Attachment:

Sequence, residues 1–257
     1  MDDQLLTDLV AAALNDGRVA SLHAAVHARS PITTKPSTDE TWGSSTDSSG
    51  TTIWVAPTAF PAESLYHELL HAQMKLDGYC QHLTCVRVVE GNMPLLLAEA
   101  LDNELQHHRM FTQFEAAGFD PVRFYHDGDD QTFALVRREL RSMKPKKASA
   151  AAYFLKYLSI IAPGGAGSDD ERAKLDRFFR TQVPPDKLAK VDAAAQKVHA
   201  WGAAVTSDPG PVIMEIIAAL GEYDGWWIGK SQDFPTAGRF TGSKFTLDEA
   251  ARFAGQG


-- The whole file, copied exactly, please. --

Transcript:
Sequence, residues 1–257
     1  MDDQLLTDLV AAALNDGRVA SLHAAVHARS PITTKPSTDE TWGSSTDSSG
    51  TTIWVAPTAF PAESLYHELL HAQMKLDGYC QHLTCVRVVE GNMPLLLAEA
   101  LDNELQHHRM FTQFEAAGFD PVRFYHDGDD QTFALVRREL RSMKPKKASA
   151  AAYFLKYLSI IAPGGAGSDD ERAKLDRFFR TQVPPDKLAK VDAAAQKVHA
   201  WGAAVTSDPG PVIMEIIAAL GEYDGWWIGK SQDFPTAGRF TGSKFTLDEA
   251  ARFAGQG